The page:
UT Commodity Market Update 3/3/2017

Author: Danny Morris, Ext Area Specialist - Farm Management Comments Off on UT Commodity Market Update 3/3/2017

Corn: Over the past month, corn futures have been trading in a relatively sideways pattern. However, the past few days have allowed cash bids for new crop corn to be near $4.00 levels. Based on the UT Extension Crop Budgets, a producer could potentially lock in a profit at this price level, assuming an average yield of 150 bushels per acre. Private estimates are currently projecting corn acres to be lower in 2017 compared to last year’s levels. If that is the case, ending stocks could see a reduction that could push prices higher. Oversea news worth noting is the pending harvest of Argentina’s and Brazil’s corn crop. This crop will hit the export market either later this month and on into April and May. The additional supply will likely take away U.S. export business due to currency exchange rates. The USDA will release an updated WASDE report next week. This report will not likely contain any major updates, but producers should watch for the market’s reaction just in case. Local basis for new crop corn averaged  -$0.13 for West Tennessee.

Soybeans: Brazil is currently harvesting their soybean crop. A private analyst firm has estimated the total crop size to be 108 million metric tons. This is 4 million metric tons higher than the latest USDA estimate. This does provide a bearish tone for the soybean market. In the U.S., current prices are pointing to a larger soybean crop for 2017. Farmers that are evaluating their crop mix are seeing profit potential at $10 soybeans. That comment has been repeated again and again at the county crop production meetings that UT Extension has held this winter. Estimates for the 2017 soybean acreage range between 85.5 million acres to 88 million acres, which is a sizeable crop. Local basis for new crop soybeans averaged -$0.11.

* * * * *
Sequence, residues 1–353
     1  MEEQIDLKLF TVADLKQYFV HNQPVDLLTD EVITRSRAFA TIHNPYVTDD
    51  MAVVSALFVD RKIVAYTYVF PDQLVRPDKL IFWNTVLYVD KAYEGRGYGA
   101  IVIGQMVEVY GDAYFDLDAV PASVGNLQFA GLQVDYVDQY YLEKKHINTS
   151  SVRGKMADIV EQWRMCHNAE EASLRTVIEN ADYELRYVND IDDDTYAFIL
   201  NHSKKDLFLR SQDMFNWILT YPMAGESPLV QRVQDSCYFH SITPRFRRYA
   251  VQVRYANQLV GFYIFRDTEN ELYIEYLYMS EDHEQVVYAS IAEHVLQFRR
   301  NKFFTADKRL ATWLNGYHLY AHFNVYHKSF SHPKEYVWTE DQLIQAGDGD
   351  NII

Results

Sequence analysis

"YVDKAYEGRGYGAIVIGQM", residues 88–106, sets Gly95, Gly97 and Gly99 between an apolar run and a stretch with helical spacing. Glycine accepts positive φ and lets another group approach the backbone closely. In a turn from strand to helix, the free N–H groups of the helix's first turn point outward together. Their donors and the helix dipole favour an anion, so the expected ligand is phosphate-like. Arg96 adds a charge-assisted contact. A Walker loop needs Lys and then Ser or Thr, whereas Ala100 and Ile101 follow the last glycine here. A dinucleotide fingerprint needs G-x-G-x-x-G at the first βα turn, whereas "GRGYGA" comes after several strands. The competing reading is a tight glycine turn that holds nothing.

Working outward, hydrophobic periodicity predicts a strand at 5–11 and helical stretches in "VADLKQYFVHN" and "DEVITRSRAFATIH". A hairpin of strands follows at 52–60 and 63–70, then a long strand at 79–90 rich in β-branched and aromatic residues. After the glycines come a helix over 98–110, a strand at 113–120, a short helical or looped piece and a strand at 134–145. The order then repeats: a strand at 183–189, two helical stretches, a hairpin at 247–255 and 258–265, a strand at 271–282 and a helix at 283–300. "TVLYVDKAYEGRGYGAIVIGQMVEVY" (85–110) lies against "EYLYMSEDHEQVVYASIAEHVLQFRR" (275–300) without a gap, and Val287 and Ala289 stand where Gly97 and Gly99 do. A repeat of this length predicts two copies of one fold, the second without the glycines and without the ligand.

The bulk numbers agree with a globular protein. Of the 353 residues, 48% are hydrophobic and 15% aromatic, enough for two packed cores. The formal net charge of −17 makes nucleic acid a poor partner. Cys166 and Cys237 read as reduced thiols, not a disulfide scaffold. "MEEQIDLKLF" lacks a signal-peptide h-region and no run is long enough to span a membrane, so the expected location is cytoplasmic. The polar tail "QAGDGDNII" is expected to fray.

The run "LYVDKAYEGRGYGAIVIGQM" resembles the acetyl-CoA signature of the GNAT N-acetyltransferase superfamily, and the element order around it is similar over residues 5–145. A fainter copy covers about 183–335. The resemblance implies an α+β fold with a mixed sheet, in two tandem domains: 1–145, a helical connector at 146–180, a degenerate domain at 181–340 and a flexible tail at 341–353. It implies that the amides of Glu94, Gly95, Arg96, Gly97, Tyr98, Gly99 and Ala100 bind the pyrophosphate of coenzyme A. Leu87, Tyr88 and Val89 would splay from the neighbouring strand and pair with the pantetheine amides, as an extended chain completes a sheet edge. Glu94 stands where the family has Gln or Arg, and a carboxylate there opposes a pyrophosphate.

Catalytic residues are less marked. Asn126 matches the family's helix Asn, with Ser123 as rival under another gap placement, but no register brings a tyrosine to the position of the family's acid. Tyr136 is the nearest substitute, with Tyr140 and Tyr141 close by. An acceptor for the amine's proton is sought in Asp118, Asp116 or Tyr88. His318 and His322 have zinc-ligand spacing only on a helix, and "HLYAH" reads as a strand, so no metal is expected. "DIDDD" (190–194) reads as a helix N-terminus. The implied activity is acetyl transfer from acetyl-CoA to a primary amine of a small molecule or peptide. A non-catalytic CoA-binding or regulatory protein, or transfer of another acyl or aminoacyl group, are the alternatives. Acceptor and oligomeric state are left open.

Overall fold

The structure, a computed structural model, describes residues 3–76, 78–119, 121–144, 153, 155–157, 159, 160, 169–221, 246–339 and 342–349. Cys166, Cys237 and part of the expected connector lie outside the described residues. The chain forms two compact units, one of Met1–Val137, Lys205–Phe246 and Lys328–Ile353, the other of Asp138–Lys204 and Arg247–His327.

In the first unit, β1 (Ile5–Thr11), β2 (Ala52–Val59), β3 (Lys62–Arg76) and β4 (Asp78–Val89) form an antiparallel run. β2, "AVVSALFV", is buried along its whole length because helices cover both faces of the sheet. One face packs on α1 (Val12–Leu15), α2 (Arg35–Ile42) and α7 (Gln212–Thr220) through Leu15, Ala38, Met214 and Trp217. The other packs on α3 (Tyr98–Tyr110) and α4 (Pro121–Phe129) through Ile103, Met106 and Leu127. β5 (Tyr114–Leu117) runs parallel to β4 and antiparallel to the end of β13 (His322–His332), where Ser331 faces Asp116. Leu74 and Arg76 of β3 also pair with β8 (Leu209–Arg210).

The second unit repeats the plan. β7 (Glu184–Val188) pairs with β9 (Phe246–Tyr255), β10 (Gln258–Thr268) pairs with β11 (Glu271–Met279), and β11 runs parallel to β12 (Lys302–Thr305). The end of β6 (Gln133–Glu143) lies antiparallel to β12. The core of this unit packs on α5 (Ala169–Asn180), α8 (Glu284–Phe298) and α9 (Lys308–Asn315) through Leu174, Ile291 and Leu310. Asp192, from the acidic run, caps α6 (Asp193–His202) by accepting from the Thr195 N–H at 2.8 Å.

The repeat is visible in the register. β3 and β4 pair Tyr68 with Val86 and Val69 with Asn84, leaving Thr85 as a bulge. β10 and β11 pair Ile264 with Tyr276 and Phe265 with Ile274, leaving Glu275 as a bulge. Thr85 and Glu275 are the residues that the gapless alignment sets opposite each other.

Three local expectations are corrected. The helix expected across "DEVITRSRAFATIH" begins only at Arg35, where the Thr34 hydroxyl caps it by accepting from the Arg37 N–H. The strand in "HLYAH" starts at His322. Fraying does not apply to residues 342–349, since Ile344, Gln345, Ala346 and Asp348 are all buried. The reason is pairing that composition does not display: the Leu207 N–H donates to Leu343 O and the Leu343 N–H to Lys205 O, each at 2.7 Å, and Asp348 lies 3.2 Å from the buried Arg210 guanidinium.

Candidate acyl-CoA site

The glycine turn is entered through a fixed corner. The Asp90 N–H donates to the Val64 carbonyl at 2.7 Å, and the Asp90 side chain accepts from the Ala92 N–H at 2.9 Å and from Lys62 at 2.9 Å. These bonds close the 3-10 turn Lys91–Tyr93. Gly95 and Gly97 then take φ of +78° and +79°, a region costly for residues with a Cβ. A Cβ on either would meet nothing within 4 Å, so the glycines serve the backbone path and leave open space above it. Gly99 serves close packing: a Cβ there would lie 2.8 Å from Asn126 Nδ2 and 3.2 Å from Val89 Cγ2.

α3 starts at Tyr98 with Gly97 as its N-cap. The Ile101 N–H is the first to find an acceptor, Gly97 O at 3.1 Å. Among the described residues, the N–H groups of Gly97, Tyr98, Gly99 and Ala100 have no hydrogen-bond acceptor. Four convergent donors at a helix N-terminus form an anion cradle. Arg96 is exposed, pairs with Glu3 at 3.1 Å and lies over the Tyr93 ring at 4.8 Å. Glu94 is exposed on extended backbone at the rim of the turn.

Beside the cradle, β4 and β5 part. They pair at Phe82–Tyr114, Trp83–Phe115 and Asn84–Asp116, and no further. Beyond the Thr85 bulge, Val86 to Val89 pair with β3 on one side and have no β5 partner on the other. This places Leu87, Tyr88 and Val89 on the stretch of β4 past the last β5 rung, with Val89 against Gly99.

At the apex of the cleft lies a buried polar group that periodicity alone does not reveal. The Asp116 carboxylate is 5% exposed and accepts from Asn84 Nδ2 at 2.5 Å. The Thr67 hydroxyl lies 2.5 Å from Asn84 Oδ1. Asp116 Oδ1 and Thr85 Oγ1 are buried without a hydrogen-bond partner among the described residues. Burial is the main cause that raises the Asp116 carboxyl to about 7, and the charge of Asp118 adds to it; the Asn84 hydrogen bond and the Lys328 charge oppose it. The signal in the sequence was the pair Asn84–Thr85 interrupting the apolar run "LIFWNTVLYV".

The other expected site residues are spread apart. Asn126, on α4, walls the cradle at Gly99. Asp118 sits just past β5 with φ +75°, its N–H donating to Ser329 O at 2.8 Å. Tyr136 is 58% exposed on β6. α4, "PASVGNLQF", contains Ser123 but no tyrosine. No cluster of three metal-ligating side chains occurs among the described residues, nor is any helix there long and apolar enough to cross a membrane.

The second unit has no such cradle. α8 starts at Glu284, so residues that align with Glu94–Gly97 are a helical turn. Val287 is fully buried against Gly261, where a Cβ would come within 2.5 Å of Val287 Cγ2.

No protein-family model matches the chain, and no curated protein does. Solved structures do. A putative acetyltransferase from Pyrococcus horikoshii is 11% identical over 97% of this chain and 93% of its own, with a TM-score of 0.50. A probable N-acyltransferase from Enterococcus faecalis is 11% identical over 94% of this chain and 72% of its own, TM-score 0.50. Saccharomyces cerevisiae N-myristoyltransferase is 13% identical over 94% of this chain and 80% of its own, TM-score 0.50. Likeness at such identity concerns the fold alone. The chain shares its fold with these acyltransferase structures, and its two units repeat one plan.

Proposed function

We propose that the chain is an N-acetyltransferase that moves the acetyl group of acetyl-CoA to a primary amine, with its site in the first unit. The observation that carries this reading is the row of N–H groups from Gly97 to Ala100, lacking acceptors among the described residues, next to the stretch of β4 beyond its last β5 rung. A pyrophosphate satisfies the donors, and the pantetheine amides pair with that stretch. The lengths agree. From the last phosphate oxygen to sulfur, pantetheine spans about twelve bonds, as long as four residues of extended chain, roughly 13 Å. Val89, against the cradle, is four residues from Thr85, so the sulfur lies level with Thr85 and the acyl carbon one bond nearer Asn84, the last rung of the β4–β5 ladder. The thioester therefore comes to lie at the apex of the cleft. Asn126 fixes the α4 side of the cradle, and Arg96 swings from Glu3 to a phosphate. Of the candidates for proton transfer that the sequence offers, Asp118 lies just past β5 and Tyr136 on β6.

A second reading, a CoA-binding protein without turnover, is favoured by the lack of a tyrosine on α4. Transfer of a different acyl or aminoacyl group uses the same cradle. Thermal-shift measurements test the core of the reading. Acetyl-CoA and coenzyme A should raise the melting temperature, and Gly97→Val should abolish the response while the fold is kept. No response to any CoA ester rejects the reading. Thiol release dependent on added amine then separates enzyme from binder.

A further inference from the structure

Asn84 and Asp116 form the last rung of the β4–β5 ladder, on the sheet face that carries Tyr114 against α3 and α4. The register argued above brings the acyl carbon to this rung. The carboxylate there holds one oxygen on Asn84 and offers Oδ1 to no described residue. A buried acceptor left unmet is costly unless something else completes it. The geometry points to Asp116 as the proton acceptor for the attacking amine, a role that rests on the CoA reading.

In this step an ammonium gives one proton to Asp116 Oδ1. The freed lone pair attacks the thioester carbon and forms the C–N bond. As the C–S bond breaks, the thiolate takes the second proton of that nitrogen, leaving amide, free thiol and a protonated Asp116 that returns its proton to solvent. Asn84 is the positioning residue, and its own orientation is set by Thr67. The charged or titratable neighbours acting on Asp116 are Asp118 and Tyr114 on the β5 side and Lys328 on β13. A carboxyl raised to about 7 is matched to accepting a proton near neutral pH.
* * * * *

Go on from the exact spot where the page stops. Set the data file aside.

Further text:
Wheat: It is very hard to get excited about wheat at these current price levels. However, over the past month, wheat prices have increased by $0.12. The increase has been primarily a spillover effect from the corn and soybean market. The fact is global wheat supplies continue to remain high. Local prices have started to increase due to an increase in basis at local river facilities. Inland grain elevators continue to have negative basis levels. Local basis for new crop wheat averaged -$0.07. For wheat to be profitable, producers will need to have good yields, a low cost structure, and prices contracted at prices closer to $5.00. Currently, a few elevators are offering prices near $4.75.

Cotton: Cotton equities are currently approximately $0.185 to $0.1920 in West Tennessee. The Memphis Farm and Gin Show is this weekend and the mood was mostly optimistic for cotton going into 2017. Many producers are saying that they will plant more cotton due to good yields in the past few years along with projected prices holding near the $0.70 to $0.72 levels. These prices include the cotton loan price, equities, and an estimated ginning and seed rebate. The National Cotton Council released their March 2017 Industry Update. This report projected that Tennessee will experience a 16.6% increase in cotton acres. Their report indicated that Tennessee will plant 297,000 acres of cotton in 2017 compared to 255,000 acres in 2016. Producers should be mindful that profitability in cotton at these price levels will be dependent upon yield. The National Cotton Council contained a cotton economic update that included a clear warning for farmers: “At current futures prices and average yields, losses [will] continue for 2017.” The key point here is average yields. Producers should closely evaluate their cost structure and yield potential in planning for 2017.

Take Home Message: There is a lot of price risk in every commodity as we head in the 2017 growing season. Producers should look at supplier budgets, UT Extension Budgets, and historical records when planning their crop mix for 2017. A strong farm plan and marketing plan will be needed in 2017 to be profitable. If you need any assistance with either of these, feel free to contact your local Farm Management Specialist for assistance at your local UT Extension office.

West Tennessee Grain Bids: Grain Newsletter 3-3-2017

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